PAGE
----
Recently in Knowledge Management Category

February 26, 2006

My name is Paul and I'm a PIM user

I've had a love/hate relationship with Personal Information Managers (PIMs) over the years. I haven't used what I would consider a "real" PIM in years, but I recently found myself back in the sway of this enticing breed of software. But before I talk about my latest flirtations with PIMs,I want to remember some of my old flames.

Lotus Agenda - first love

I think the first PIM to catch my eye was Lotus Agenda. It was so powerful, no one really understood what you could do with it .. but it sure seemed like it would do anything you wanted. I was fascinated by it. But instability was its downfall for me; I gave it up after one too many corrupted databases. (The last release of Agenda was made available some time back.)

InfoSelect - fast and responsive

For quite a while I was quite taken with InfoSelect; I used it on and off for about 8 years. InfoSelect works on unstructured chunks of text, which makes it very flexible. The overhead for adding information is very low: one keystroke creates a new node. What makes InfoSelect interesting is its search feature. When you start searching, IS shows you matches with every character you type. There's something seductive about how it responds to your every keystroke, not waiting for an Enter key or an OK button.

InfoSelect doesn't have any built-in categories, but you can use the trick of tagging a note with your own codes. I used "*ps" for personal items; "*td" for to-dos. By including several tags in an item, you could effectively put information into multiple categories. I loved that ability. I was never happy with a strict hierarchy. Most information naturally falls into multiple categories.

Unfortunately, InfoSelect fell victim featuritis. Each release added more and more features, but made the interface more cluttered. It didn't help that each release was another $99. I stopped upgrading with version 6. It's now up to V8.

Ecco - Misunderstood

I tried Ecco for a while. Everyone else raved about it, but I never got it. I didn't like the strict hierarchy, and I never really warmed to the interface. I stuck with it for a while, but never saw the charms that others (still!) claim for it.

Eventually I started using Outlook. Outlook wasn't good at handling random information, but it was a whiz at contacts, tasks, and calendars. That's what I needed most at the time, so I let go of trying to keep track of everything.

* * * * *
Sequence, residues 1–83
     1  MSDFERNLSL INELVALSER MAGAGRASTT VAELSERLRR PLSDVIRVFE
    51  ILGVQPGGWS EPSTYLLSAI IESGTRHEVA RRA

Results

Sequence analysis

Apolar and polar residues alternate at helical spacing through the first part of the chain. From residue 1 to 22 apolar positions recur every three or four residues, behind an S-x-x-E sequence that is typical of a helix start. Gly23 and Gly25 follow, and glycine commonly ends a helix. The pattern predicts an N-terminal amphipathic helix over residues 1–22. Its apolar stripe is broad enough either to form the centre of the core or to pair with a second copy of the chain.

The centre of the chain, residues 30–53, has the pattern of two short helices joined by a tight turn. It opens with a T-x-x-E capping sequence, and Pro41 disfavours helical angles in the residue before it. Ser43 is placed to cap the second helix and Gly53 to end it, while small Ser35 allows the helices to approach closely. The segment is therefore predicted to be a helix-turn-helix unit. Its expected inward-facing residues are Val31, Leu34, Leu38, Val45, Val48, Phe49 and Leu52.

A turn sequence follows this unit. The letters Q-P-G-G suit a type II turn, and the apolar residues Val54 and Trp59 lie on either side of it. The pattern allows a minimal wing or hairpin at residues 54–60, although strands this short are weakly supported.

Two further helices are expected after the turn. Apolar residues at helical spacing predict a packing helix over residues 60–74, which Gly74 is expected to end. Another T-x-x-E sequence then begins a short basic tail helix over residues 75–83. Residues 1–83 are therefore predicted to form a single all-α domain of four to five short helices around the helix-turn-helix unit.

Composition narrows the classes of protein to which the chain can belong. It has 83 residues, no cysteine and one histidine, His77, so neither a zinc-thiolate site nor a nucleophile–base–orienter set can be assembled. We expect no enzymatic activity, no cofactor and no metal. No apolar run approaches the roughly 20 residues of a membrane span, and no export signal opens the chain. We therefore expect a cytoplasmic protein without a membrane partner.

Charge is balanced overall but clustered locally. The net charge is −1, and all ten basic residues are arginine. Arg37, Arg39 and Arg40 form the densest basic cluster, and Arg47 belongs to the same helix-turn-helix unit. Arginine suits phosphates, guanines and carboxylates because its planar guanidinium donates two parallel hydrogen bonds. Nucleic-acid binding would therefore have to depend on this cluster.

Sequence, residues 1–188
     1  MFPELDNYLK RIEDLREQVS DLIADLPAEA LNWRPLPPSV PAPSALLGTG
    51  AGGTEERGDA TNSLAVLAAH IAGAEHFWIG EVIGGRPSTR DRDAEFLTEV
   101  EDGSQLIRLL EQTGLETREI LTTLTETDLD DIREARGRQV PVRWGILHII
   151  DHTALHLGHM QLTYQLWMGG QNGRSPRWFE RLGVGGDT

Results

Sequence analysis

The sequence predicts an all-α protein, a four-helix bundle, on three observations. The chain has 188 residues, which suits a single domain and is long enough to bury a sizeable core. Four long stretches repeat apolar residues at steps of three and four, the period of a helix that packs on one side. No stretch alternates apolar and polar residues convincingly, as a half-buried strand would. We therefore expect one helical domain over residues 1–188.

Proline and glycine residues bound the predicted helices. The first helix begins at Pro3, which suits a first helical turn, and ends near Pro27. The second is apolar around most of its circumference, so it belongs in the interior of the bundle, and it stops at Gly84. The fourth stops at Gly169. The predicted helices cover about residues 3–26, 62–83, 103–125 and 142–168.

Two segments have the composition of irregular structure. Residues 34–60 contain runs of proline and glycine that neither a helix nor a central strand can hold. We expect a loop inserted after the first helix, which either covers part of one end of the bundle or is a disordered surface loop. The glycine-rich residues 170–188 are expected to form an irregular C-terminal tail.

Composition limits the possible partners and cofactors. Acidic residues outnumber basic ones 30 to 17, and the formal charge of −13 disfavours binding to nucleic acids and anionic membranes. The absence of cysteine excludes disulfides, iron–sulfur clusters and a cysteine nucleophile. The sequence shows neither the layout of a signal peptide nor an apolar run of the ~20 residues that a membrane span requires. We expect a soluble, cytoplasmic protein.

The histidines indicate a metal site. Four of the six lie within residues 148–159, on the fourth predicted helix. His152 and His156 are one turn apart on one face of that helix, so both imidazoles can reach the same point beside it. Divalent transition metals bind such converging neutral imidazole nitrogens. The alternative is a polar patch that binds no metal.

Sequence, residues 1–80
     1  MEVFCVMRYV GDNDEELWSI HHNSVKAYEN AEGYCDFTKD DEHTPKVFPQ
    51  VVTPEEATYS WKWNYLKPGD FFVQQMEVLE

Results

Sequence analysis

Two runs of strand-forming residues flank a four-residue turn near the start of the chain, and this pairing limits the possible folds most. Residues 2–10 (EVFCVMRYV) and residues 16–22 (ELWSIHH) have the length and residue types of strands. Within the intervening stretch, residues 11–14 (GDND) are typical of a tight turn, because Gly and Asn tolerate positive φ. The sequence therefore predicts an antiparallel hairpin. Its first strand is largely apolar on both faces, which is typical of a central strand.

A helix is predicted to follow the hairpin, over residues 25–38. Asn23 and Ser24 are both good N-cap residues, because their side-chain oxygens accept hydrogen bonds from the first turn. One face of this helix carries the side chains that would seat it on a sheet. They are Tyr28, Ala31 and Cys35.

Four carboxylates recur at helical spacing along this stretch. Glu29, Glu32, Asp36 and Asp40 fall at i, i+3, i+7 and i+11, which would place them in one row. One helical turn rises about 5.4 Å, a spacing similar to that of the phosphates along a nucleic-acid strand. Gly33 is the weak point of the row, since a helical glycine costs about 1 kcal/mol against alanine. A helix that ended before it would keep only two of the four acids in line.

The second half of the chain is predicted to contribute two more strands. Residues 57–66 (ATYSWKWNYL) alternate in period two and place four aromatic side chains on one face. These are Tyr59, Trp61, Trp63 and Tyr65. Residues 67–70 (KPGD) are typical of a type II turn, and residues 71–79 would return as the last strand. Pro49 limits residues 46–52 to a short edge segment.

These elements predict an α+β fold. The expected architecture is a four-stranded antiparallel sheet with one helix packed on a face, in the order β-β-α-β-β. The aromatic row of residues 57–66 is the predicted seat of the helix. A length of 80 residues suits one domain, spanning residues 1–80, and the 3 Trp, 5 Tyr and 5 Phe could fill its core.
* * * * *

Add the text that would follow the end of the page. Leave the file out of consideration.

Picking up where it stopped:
Wiki Wiki!

I was still looking for a way to handle random information, and in 2001 Wikis caught my eye. Wikis had that ability to create random nodes and link them together. Further more, as more and more of what I wanted to remember was on the web, I could use Wiki to keep and annotate various links. Eventually I set up Wikis for work, too, at CNN, Georgia Tech, and EarthLink.

Weblogs,, and who knows what

I came across Radio Userland in 2002, which introduced me to weblogs, and to RSS for watching other weblogs. I soon startedcapturing interesting links into my blog instead of my Wiki.

All during this time, the rise of search engines made it easier and easier to not bother with keeping track of information. You want find something again? Google it!

I finally gloomed onto in late '04, and soon I was putting all of my useful links into

And so that's where I was up until two months ago - a mishmash of Outlook for contacts, for links, and occasionally sending email to myself to capture other information.

But once you're a PIM user, you can never really give it up. And so I've fallen off the wagon again. More on that in another post.

May 16, 2003

KM posts

James McGee ties together a series of excellent posts on knowledge managment

There's lots of meat in here; I spent a good 20+ minutes reading the posts James points to and following up on those. The best find was arguably Dave Pollard's weblog How To Save the World. I haven't come across this weblog before, but just browsing across his front page was most thought-provoking.